First, maybe they thought if they told it from the standpoint of the criminals being the bad guys, the audience would feel disappointed with the ending. I mean, we can’t have the bad guys winning, right? Secondly, maybe they simply wanted to highlight some of the abuses that take place in prisons. Who knows, maybe the warden was an unlikable guy and maybe the guards did have a bad reputation. The prison was closed down a year after this escape, and maybe it was due in part to a flawed system. Lastly, maybe the filmmakers were telling the story from a perspective we could identify with. Let’s be honest, who is guilty and who is innocent? Yes there are those who do harsher crimes and end up in prison, but at the last day we are all guilty. “Let him who is without sin among you be the first to throw a stone.” [John 8:7].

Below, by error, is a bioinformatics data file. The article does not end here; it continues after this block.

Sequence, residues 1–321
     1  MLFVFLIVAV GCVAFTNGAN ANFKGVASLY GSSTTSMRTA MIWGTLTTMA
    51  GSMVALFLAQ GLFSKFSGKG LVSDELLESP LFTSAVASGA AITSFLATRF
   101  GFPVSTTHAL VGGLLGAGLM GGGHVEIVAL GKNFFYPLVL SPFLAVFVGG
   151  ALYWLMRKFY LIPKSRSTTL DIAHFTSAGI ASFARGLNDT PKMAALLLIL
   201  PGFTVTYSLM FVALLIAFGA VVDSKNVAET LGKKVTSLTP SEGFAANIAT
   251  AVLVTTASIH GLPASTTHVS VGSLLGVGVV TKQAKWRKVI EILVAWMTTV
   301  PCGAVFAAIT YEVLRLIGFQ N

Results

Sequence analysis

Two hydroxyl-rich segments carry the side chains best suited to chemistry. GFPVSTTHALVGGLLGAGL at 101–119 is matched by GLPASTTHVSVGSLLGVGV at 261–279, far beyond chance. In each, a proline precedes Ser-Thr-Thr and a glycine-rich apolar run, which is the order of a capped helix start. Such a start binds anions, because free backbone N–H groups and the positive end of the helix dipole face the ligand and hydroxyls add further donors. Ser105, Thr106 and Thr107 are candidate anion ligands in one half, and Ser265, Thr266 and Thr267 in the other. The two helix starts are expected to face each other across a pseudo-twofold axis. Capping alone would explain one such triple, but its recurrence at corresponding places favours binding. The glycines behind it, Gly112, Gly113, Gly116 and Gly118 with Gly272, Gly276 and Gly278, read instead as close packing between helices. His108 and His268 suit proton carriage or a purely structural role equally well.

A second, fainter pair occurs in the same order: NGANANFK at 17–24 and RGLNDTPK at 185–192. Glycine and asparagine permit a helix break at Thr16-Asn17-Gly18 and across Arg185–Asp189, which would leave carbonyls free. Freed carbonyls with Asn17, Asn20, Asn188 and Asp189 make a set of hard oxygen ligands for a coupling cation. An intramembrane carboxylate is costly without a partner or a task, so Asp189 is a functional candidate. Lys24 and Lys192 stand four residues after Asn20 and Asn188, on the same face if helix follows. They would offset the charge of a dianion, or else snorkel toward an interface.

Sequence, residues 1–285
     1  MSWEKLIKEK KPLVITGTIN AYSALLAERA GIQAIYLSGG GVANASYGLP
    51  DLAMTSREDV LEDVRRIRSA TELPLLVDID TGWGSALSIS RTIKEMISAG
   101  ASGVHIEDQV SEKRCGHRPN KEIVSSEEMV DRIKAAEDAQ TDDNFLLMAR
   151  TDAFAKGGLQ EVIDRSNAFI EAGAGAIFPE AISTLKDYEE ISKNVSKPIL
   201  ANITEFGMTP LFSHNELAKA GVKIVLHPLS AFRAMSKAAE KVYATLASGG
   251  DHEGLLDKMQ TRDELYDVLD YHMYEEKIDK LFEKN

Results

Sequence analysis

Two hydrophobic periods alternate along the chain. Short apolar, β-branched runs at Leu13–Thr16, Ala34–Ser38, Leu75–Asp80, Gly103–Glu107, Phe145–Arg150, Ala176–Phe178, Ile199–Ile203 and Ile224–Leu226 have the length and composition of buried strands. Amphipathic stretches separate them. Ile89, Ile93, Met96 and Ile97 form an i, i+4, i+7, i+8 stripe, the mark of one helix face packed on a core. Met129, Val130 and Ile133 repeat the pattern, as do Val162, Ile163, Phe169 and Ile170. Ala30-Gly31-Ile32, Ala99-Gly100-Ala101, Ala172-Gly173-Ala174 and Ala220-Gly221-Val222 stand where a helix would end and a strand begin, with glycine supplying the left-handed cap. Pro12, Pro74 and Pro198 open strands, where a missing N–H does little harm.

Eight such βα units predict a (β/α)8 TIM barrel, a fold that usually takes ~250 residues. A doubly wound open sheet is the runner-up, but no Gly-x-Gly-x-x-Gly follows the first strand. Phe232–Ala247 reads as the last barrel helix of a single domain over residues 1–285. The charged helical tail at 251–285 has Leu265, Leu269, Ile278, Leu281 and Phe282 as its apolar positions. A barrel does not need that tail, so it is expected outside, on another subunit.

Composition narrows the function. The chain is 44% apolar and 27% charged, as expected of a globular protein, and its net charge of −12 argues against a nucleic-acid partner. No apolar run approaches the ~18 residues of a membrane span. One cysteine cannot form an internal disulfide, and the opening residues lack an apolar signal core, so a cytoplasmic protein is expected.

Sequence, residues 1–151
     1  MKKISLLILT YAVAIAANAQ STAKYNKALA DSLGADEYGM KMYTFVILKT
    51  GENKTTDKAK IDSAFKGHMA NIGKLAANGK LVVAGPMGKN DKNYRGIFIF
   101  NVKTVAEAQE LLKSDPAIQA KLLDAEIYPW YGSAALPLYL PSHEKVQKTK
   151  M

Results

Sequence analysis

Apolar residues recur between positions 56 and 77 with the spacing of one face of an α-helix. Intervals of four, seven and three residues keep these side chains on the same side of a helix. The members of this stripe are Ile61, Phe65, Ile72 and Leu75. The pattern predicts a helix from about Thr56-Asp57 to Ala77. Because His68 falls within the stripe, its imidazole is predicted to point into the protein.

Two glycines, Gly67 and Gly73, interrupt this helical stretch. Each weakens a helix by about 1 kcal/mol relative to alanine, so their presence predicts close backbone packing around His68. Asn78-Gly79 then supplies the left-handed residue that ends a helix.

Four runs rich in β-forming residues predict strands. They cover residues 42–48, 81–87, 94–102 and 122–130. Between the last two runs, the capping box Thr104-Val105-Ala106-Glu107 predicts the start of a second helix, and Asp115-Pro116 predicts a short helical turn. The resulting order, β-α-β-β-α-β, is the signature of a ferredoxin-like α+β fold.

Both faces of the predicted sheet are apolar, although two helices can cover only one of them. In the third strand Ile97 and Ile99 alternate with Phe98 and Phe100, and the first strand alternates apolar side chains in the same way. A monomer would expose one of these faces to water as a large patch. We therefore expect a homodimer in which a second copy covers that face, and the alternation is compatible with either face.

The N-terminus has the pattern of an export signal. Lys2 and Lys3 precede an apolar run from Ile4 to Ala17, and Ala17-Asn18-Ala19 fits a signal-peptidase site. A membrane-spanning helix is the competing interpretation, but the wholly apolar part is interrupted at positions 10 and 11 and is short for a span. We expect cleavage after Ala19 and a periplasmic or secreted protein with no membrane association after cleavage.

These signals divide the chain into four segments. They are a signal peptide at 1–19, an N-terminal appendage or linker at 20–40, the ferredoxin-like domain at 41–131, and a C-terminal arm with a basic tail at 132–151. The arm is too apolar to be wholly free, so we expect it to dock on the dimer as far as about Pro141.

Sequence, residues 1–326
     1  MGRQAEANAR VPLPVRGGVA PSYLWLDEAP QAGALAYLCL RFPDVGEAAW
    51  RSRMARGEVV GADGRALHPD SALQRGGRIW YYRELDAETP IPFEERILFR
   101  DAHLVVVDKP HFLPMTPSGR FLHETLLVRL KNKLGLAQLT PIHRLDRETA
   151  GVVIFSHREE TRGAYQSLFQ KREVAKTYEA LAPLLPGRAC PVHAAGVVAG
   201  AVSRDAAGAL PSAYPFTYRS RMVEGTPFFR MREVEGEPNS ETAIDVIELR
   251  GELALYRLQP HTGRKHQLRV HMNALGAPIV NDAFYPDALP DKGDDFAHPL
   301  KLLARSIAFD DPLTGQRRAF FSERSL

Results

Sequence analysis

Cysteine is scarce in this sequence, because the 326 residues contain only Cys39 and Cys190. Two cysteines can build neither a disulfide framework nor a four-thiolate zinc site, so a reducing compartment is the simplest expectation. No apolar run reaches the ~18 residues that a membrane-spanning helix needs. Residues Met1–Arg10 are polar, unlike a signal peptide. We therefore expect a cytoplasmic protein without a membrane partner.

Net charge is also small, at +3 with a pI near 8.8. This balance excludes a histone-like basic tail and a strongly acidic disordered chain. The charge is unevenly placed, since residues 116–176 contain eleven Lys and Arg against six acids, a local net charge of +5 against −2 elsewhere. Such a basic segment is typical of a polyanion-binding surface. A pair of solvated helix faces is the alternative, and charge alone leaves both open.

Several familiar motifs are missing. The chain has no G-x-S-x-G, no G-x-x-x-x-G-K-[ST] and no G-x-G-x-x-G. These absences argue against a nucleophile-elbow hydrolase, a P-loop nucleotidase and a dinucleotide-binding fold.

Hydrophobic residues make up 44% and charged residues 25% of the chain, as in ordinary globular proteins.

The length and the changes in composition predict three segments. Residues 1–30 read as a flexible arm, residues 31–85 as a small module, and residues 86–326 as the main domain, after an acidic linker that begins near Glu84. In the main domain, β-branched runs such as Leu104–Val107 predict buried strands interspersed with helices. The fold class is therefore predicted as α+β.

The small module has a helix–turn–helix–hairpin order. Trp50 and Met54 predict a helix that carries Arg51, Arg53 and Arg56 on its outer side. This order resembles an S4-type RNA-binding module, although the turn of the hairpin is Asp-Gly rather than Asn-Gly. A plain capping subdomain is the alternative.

Maybe we are all pulling for Frank Morris, because we are the villain. We are the ones who are criminals and we are the ones who should remain locked-up forever. However, there was One who did break us out of this eternal imprisonment and he did it, not by breaking the law, but by perfectly keeping it.

The Bible Talks

“Now the Berean Jews were of more noble character than those in Thessalonica, 
for they received the message with great eagerness
and examined the Scriptures every day to see if what Paul said was true.” – Acts 17:11